There's Something About Mary

Recently I wrote a post about the plethora of books on Henry VIII since The Tudors and the 500th anniversary of his coronation. I've also begun to notice that there have been a spate of books about Mary, Queen of Scots lately, both fiction and non-fiction. What is about the reign of Mary that keeps writers and readers so interested? Is it the murder of Darnley and her subsequent hasty marriage to Bothwell? Her years in imprisonment in England and eventual beheading? Her life is tragic but also kind of sexy compared to Elizabeth, the Virgin Queen. Mary was Queen of two countries, married three times, the last marriage possibly forced. She was tall, with red hair, and Catholic living in a country where danger lurked behind every corner, not knowing who to trust, living amongst squabbling nobles who refused to bow to a woman as sovereign.

Not only have there been a lot of books, but there was a revival of Schiller's Mary Stuart on Broadway recently with Janet McTeer (magnificent) as Mary and Harriet Walter as Elizabeth. I picked up a book called A Question of Guilt by Julianne Lee at the RWA conference in July in DC. This book is very reminiscent of the great Josephine Tey's Daughter of Time in which a detective, while convalescing examines the evidence against Richard III.

In a Question of Guilt, it is three days after the execution of Mary Stuart and the streets of London are buzing with the news. But not everyone is convinced that the scandalized Queen of Scots was guilty of plotting against her cousin, Elizabeth I - or that she was involved in the murder of her husband, Henry Darnley. Scottish-born Lady Janet de Ros, wife of a wealthy English merchant, thinks the ravishingly beautiful Mary was merely an innocent bystander, betrayed by the machinations of a disloyal court. Determined to uncover the truth, Janet travels from Fotheringhay Castle to Edinburgh to pursue an investigation that could endanger her life - and bring disgrace to her own family.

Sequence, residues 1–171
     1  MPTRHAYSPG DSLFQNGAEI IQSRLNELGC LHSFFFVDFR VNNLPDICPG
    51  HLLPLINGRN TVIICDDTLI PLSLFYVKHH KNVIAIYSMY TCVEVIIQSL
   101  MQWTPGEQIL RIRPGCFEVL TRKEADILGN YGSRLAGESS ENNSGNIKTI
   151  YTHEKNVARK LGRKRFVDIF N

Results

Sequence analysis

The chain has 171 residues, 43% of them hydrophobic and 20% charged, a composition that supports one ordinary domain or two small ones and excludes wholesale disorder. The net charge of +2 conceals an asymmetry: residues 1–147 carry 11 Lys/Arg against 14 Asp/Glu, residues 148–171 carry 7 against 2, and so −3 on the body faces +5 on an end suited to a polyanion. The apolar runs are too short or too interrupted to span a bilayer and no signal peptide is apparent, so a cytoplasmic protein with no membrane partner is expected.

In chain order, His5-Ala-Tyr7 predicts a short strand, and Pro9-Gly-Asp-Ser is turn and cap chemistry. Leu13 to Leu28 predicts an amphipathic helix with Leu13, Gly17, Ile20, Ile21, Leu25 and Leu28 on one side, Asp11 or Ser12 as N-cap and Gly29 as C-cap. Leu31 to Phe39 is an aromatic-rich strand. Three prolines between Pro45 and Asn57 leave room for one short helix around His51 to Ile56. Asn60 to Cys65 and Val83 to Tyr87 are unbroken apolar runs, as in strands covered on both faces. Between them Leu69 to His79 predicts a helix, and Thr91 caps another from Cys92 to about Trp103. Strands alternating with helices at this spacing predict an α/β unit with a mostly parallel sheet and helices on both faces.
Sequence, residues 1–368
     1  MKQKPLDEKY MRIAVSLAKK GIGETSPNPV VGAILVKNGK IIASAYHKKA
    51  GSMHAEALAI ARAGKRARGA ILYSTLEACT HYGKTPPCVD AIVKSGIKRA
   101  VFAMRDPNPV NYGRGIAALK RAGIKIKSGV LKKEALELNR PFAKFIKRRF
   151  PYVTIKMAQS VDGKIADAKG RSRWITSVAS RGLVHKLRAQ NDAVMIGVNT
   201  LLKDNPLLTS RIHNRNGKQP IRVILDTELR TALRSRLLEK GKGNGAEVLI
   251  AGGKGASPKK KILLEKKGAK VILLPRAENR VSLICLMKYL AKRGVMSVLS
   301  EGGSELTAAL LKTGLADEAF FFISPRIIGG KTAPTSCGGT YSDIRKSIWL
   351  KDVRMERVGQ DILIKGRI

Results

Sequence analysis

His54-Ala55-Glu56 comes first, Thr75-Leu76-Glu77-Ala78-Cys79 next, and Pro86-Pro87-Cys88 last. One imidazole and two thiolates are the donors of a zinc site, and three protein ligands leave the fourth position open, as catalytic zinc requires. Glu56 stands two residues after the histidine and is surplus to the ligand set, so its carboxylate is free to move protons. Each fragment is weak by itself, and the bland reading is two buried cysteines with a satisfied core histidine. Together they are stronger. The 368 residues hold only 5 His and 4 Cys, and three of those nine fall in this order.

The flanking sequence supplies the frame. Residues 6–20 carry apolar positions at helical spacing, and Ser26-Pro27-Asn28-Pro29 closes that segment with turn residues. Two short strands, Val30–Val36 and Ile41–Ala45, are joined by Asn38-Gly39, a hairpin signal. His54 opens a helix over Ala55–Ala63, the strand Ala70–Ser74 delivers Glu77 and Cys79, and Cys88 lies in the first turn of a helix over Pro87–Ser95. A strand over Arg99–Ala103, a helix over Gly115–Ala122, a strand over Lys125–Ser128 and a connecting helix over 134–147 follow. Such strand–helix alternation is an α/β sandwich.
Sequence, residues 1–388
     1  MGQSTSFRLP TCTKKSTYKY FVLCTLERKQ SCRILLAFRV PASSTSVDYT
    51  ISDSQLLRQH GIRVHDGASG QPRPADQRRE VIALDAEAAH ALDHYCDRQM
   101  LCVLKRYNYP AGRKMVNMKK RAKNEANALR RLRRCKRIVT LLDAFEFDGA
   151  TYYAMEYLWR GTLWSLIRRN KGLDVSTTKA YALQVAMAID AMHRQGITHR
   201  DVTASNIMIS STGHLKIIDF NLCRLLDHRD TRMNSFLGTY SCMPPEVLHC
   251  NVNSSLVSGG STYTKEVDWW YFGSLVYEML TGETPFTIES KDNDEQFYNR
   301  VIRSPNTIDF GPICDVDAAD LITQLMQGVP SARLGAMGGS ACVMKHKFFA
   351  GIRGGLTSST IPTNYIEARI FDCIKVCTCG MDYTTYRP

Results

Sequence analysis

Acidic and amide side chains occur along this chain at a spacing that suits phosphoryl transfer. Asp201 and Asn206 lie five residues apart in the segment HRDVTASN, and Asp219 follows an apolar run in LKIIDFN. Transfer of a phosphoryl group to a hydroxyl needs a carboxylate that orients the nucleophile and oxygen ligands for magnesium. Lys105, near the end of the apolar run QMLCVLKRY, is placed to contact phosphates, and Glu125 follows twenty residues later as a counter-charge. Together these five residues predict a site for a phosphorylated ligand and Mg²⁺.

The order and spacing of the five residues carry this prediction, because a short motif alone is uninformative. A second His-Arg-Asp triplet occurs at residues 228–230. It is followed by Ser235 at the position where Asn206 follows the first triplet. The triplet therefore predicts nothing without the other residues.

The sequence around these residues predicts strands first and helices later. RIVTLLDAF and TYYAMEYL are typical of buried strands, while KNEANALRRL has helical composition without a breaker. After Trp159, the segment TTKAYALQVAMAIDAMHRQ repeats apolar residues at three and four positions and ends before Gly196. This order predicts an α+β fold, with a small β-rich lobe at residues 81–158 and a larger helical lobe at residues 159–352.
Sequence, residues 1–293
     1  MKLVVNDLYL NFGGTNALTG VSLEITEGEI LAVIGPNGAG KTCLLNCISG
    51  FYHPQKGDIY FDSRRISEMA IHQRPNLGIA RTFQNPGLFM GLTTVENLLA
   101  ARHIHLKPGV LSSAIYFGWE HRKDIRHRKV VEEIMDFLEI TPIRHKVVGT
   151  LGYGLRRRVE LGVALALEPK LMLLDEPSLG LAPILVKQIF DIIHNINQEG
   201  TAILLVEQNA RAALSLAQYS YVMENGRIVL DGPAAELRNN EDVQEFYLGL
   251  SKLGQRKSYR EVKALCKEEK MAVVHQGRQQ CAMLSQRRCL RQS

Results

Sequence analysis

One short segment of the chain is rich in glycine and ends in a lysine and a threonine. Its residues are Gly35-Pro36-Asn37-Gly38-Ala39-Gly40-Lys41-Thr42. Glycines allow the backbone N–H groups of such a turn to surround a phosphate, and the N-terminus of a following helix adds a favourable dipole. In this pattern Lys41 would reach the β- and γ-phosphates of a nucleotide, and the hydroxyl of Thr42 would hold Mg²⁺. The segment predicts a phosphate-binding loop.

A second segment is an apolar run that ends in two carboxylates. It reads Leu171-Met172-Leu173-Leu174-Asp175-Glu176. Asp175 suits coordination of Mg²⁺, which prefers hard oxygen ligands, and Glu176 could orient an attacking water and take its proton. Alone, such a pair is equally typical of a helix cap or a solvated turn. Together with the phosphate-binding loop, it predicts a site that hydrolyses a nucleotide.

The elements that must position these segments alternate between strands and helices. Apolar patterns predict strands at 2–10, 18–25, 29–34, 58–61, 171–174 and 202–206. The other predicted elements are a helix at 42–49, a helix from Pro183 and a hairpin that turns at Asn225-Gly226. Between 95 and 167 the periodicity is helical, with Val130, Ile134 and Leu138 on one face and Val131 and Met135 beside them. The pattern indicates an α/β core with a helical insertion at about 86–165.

As Janet investigates, the story is told from the point of view of the people that she is interviewing. Part historical fiction and part mystery, the story is also a portrait of an Elizabethan marriage. Janet risks not just her life but her marriage to her husband Henry to find out the truth.

Philippa Gregory's novel wrote a novel of Mary Queen of Scots called The Other Queen. In September, noted historian Carolly Erickson's book the Memoirs of Mary Queen of Scots will be released. Here's a description of the book:

Born Queen of Scotland, married as a girl to the invalid young King of France, Mary took the reins of the unruly king dom of Scotland as a young widow and fought to keep her throne. A second marriage to her handsome but dissolute cousin Lord Darnley ended in murder and scandal, while a third to the dash - ing Lord Bothwell, the love of her life, gave her joy but widened the scandal and surrounded her with enduring ill repute. Unable to rise above the violence and disorder that swirled around her, Mary escaped to England—only to find herself a prisoner of her ruthless, merciless cousin Queen Elizabeth. Here, in her own riveting account, is the enchanting woman whose name still evokes excitement and compassion—and whose death under the headsman’s axe still draws forth our sorrow.

I haven't read Carolly Erickson's historical fiction but I have read many of her biographies over the years, and I'm eager to see what she does with Mary.

A new biography of Mary was also released just this month. I was intrigued by the title 'An Accidental Tragedy.' I haven't read this one yet but the author, Roderick Graham is not only Scottish, educated at Edinburgh University but he was also the producer of Elizabeth R with Glenda Jackson, a BBC series that was shown on Masterpiece Theater in the 1970's and is now available on DVD.